A table is a reference to a (column) dictionary.

The internal representation of a table is nearly identical to that of a dictionary. We can use the flip command to create a table from a dictionary:

``````q)t: ([] a: 1 2 3; b: 4 5 6; c: 7 8 9)
q)d: `a`b`c ! (1 2 3; 4 5 6; 7 8 9)
q)t ~ flip d
1b
q)
``````

In fact, when a dictionary is `flip`‘ed, the underlying core data structure remains untouched. The table itself is a simple, small object that refers to the original dictionary. Using .Q.w, we can measure how much more memory a table takes than the corresponding dictionary:

``````q).Q.w[]`used         // memory usage baseline
112992j
q)x:`a`b`c!3 3#til 9  // create a small dictionary
q).Q.w[]`used
113424j
q)x:flip x
q).Q.w[]`used         // memory usage delta is
113456j               // just 32 more bytes
q)
``````

No matter how large the underlying dictionary is, creating a table is fast and still takes only 32 bytes:

``````q)x:`a`b`c!3 100000#til 10
q).Q.w[]`used
1686192j
q)x:flip x
q).Q.w[]`used
1686224j          // 32 = 1686224 - 1686192
q)
``````

Now, Let’s examine how a keyed table is related to a dictionary. We start by creating a simple keyed table:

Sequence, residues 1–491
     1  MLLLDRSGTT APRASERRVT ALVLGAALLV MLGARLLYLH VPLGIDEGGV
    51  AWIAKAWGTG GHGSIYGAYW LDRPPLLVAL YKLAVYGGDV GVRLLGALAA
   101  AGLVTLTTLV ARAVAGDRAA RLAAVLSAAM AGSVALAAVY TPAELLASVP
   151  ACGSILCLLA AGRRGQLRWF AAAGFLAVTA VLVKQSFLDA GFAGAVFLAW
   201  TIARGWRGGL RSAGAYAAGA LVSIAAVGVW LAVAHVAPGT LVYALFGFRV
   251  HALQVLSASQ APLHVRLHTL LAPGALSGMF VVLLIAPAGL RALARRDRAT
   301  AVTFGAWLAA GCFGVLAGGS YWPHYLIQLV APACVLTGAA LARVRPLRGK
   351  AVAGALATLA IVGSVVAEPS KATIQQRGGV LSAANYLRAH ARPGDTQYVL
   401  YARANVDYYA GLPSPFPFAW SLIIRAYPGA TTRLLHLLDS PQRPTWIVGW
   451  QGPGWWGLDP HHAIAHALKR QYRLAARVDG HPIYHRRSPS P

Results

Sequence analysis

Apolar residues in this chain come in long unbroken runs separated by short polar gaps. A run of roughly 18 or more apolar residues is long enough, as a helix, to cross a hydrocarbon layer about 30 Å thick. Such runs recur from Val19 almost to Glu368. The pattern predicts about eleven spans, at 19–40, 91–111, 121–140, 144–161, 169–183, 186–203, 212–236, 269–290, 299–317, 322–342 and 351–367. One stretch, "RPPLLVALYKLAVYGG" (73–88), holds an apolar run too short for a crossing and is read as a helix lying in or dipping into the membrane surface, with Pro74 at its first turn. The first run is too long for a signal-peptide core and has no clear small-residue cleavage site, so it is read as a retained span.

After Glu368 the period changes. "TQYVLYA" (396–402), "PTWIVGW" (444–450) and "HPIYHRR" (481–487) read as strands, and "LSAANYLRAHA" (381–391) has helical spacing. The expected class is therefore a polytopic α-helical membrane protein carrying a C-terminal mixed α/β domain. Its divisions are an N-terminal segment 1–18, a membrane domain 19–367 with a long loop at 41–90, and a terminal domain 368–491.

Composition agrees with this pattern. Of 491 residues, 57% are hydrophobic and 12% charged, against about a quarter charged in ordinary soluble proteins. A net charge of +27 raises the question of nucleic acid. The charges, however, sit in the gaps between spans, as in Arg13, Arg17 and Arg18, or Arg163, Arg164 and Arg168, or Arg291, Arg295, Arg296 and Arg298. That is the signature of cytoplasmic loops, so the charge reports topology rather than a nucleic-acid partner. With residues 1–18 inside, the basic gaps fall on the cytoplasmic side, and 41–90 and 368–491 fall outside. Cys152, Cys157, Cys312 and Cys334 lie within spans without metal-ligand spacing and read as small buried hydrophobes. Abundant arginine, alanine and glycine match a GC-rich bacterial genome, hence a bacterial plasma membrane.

``````q)t: ([] a: 1 2 3; b: 4 5 6; c: 7 8 9)
q)keyedTable: `a`b xkey t
q)keyedTable
a b| c
---| -
1 4| 7
2 5| 8
3 6| 9
q)keys keyedTable
`a`b
q)
``````

Since `keyedTable` is a table, one might expect it to have the same type as t but instead, q presents the following surprise:

``````q)type t
98h                  // type table as expected
q)type keyedTable
99h                  // *NOT* 98h
q)
``````

Type 99h is the type number for dictionaries. If `keyedTable` really is a dictionary, we should be able to extract its `key` and `value`:

``````q)key keyedTable
a b
---
1 4
2 5
3 6
q)value keyedTable
c
-
7
8
9
q)
``````

Indeed, `keyedTable` is a dictionary – one that holds unkeyed tables for both its key and its value:

``````q)type key keyedTable
98h
q)type value keyedTable
98h
q)
``````

This suggests that we can create a keyed table by using the ! (dict) operator with two unkeyed tables:

``````q)(key keyedTable)!(value keyedTable)
a b| c
---| -
1 4| 7
2 5| 8
3 6| 9
q)
``````

Lastly, joining the two flipped tables brings us back to the original dict.

``````q)(flip key keyedTable),(flip value keyedTable)
a| 1 2 3
b| 4 5 6
c| 7 8 9
q)
``````

For more information, see Creating dictionaries and tables from C and , (join).

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426 Words

2012-10-29 01:52 +0000